lifeblood: songs: backgrounds: bondsman (evening in missouri)

2018-09-26: brandi carlile interviews amy ray about her new solo album, holler, paste magazine:

carlile: my favorite vocal, and i think actually my favorite song, was "bondsman (evening in missouri)." was that the most vocally challenging song you did, or if not, which was?

ray: yeah, it was. i mean, i didn't have to do it a lot, but i really worked on it a lot leading up to that time. i started writing that song years ago, and i tried it in five different keys. i tried different ways of making it softer or more rock or more this or that. it was actually a song that i was trying to do for the last indigo record but everybody passed on it, and i think it was because i hadn't gotten it to the place it needed to be yet. so i just knew i didn't want to lose that song.

carlile: no, it's amazing.

ray: it's just a live recording, but it was a cathartic sort of feeling for us as a band, you know? we got to the end of it and we kind of all knew, like, "okay, that's the one," you know? and if there are little things that are out of tune, it's okay, or when we transfer it to digital if i need to pitch something because if it's just god awful then i'll do it. that kind of was my security blanket ultimately. that if it was just terrible, that everything about the performance is so good but one note-you know how it is-that rather than leave that one note in, i knew i could fix it. i would be able to move on from that and not like be burned by it and have to do it a hundred times. but i didn't end up doing that that often because i let a lot of things go, pitch wise, that maybe i would have fixed if emily was trying to sing harmony with me, you know? that kind of thing. but when it's one lead vocal and you don't have to worry about someone singing with you and frustrating them because it's not in tune...

carlile: i didn't anything that stood out to me pitch wise, at all.

ray: now, i can listen to it and be like, "okay, cool."


2018-10-19: amy ray brings 'holler' to durham, wunc:

guitarist derek trucks and banjo virtuoso alison brown feature on the album in "bondsman (evening in missouri)" and "dadgum down" respectively.


2018-11-07: amy ray: holler, folk radio uk:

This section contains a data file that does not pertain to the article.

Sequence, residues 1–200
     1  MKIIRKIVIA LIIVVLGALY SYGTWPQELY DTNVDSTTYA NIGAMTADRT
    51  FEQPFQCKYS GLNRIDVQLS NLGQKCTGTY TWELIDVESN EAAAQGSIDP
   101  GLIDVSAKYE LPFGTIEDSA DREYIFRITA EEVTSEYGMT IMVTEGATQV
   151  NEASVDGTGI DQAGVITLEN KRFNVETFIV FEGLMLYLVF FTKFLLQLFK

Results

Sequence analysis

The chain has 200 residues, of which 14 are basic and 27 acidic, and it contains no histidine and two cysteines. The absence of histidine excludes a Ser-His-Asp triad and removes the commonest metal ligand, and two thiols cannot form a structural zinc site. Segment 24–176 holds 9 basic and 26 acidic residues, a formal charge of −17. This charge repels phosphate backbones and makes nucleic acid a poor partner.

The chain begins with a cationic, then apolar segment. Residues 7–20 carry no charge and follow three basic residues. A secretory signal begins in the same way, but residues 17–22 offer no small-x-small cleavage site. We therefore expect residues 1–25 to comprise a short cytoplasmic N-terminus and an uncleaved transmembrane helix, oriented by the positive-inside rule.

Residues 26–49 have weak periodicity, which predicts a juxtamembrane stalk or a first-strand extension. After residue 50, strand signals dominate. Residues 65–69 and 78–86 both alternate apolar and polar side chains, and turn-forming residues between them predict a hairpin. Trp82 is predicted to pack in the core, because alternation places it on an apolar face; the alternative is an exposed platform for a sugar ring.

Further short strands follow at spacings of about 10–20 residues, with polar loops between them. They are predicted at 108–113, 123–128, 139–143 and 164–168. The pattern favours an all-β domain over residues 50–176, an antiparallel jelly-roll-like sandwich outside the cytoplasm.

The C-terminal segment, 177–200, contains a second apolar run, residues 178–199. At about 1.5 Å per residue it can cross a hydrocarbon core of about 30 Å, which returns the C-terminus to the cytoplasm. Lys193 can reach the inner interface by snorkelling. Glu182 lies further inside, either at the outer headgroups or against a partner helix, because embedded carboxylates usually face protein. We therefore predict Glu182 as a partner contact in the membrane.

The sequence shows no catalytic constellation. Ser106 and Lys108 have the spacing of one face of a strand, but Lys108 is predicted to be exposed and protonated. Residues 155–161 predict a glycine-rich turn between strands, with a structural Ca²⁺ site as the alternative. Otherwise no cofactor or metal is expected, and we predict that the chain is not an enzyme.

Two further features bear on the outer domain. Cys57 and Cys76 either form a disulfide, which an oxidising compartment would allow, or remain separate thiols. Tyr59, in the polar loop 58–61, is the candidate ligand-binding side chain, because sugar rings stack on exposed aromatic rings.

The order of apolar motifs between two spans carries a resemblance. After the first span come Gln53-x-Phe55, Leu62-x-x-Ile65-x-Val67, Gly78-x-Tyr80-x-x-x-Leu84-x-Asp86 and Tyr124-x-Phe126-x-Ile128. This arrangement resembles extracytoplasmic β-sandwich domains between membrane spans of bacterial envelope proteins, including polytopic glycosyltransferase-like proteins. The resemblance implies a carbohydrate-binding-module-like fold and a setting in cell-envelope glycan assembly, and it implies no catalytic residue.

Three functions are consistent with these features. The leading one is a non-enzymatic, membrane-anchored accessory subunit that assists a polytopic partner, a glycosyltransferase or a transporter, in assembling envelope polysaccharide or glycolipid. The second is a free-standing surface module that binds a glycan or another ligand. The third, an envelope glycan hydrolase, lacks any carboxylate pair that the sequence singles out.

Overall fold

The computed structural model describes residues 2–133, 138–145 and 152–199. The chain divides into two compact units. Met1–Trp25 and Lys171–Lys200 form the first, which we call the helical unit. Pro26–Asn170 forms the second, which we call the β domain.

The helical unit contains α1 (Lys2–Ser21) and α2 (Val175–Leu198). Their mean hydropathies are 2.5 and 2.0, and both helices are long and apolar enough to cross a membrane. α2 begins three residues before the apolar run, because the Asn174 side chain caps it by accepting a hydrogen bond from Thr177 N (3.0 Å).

sparrow's lullaby offers a brief reprise of lines from the earlier number, but here in the same musical setting as old lady interlude before trucks joins the line-up on slide guitar for bondsman (evening in missouri) which, about the hardships of life in the ozarks, was originally intended for the last indigo girls album in 2015 but never made the grade. having worked on it since, it finally surfaces, recorded live with brass and strings, a soaringly sung spiritual about the burdens of legacy ("i am my father's daughter/i got his crimes just hanging on me") and a call for relief from suffering ("oh lord, let me sleep through the thunder/let me sleep through the rain/one more night before the bondsman comes/and takes it away").


2018-11-07: amy ray, opener rock old town school, the windy city times:

they played mainstays like "the gig that matters" and "the rock is my foundation" along with a stunning rendition of the indigo girls' "the rise of the black messiah." new songs off holler included hard rocking performances of "sure feels good anyway" and "dadgum down," as well as "sparrow's boogie" and "bondsman" ( homages to poet byron herbert reese and the film winter's bone, respectively ). the energetic encore was a cover of tom waits' "refugee."


2018-11-xx: album review: amy ray - 'holler', your life in a song:

taking a broader view of today's america, 'bondsman (evening in missouri)' ray highlights the abject poverty of those living in the ozark mountains. ray sings with a passion and intensity straight from those peaks. the solo from derek trucks is equally lofty.

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